Japan Institute for National Fundamentals

Speaking out

Tadae Takubo

【#415】U.S. Status May Decline Further Under Trump

Tadae Takubo / 2016.12.27 (Tue)

December 26, 2016

     The biggest news in 2016 might have been the “Trump Phenomenon.” How will this extraordinary change in the U.S. history of 71 years after World War II influence areas such as international politics, diplomacy, economy, military, intelligence and technology?

Concern over “absolute” U.S. decline
     Shortly before the end of the Cold War, Paul M. Kennedy, professor of history at Yale University, authored “The Rise and Fall of the Great Powers,” which became a global bestseller. Maybe because of having seen the decline of the British Empire, Americans including Kennedy have willingly attempted from time to time to look into the survivability of their own country. Kennedy’s book was part of the attempt.
     I think that the postwar U.S. history has followed three steps. At first, the U.S. was one of the two leaders in the Cold War. Then it enjoyed a dominant presence as the sole superpower, and now it faces “relative” decline accompanying the rise of China, India, Brazil and others. No matter why the Trump Phenomenon came out, a matter of concern regarding a Trump administration that will inaugurate on January 20 is whether the United States will go in the direction of “absolute” decline as its fourth step. If America First, isolationist and protectionist policies as advocated by Donald Trump are implemented furiously, anyone may predict that the United States will go in the direction of decline.
     After observing presidential election campaigns filled with ugly personal attacks, I even deplore that the U.S. may have lost the moral that people should respect and the beacon of values such as democracy, rule of law and respect for human rights that had been held out by the successive U.S. presidents.

3G administration implying policy discord
     Some people describe the Trump team as a 3G administration featuring three retired generals, three from Goldman Sachs and three gazillionaires. The retired generals are Michael Flynn picked as National Security Adviser, James Mattis as Secretary of Defense and John Kelly as Secretary of Homeland Security. The members from Goldman Sachs are Steven Mnuchin nominated as Secretary of Treasury, Gary Cohn as Director of the National Economic Council and Steve Bannon as Chief Strategist to the President. The gazillionaires are Rex Tillerson named as Secretary of State, Wilbur Ross as Secretary of Commerce and Betsy DeVos as Secretary of Education.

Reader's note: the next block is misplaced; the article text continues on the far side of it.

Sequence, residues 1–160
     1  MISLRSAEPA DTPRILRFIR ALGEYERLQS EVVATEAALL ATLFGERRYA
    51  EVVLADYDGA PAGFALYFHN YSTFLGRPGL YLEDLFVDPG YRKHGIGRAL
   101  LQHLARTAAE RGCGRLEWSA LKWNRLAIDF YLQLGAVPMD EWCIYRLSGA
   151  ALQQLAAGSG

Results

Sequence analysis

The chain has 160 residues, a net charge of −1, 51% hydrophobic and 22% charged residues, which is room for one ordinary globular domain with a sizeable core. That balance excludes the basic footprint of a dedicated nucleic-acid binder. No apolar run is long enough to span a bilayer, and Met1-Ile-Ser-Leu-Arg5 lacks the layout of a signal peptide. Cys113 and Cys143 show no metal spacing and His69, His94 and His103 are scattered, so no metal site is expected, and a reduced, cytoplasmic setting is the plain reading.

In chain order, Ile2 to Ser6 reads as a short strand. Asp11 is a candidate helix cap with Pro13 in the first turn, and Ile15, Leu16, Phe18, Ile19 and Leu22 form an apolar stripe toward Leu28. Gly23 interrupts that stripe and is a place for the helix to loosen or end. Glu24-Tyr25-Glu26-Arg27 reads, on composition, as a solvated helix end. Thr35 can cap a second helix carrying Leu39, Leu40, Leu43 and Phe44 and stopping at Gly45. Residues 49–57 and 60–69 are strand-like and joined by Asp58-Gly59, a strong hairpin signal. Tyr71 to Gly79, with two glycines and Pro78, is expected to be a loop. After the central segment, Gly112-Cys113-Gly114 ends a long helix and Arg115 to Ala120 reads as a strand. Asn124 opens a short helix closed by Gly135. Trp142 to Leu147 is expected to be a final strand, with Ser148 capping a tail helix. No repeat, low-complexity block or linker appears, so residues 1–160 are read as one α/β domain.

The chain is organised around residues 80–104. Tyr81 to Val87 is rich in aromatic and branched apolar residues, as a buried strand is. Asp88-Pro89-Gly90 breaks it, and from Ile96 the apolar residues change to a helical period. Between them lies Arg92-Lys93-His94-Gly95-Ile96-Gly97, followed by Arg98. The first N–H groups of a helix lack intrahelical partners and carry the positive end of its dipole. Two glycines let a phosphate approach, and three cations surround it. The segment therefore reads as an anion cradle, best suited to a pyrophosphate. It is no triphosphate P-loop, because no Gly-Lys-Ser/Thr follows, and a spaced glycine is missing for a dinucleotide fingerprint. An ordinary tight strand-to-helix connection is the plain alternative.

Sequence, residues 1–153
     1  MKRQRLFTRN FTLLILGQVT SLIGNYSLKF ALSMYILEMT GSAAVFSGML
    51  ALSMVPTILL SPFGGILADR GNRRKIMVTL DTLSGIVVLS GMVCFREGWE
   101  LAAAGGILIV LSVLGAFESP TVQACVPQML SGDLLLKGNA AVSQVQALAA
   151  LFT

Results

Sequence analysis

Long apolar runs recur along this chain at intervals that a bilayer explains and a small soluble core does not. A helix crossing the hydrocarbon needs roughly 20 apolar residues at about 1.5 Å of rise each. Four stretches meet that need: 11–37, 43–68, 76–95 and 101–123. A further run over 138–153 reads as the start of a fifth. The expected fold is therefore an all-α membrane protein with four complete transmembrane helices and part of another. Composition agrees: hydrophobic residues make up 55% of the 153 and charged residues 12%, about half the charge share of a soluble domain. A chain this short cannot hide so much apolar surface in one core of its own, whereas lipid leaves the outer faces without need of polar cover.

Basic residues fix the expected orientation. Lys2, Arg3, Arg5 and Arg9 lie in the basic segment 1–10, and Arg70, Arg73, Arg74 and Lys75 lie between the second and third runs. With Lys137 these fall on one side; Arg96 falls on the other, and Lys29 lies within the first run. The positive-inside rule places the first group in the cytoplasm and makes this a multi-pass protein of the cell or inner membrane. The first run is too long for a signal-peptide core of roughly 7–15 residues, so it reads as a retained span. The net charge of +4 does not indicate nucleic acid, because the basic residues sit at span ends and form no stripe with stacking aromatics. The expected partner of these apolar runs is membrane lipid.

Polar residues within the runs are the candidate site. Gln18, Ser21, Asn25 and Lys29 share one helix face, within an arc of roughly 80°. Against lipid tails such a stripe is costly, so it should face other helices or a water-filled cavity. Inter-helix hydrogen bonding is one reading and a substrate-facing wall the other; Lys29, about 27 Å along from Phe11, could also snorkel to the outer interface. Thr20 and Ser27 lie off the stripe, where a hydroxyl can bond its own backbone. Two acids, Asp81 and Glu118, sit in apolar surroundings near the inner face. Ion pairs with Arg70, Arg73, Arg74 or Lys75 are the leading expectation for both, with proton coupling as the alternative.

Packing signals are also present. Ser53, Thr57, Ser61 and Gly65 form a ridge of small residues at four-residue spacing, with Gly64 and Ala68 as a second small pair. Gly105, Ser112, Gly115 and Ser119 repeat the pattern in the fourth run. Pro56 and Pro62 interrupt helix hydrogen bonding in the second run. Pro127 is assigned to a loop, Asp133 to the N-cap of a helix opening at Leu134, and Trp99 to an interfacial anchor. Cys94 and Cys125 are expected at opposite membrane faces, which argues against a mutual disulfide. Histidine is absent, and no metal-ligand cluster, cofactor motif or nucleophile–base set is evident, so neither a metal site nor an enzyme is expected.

Over trade policy, President-elect Trump stands squarely against Secretary of State nominee Tillerson known as free trader. On the position towards Russia, Tillerson is pro-Russia, while Defense Secretary nominee Mattis is anti-Russia. It is doubtful if National Security Adviser nominee Flynn is fit for coordinating various agencies and people.
     A matter of particular concern is alleged Russian hacking of email accounts for the Democratic National Committee. A Russian military intelligence agency is said to have stolen and leaked information to American media through WikiLeaks to manipulate presidential election to the advantage of Trump and to the disadvantage of Hillary Clinton.
     Russian manipulation might have spilled over to many of the European far-right populist parties. American media organizations have already launched campaigns to discredit Trump they hate. Will the U.S. status in the world decline further and go in the direction of absolute decline under a Trump administration?

Tadae Takubo is Vice President, Japan Institute for National Fundamentals.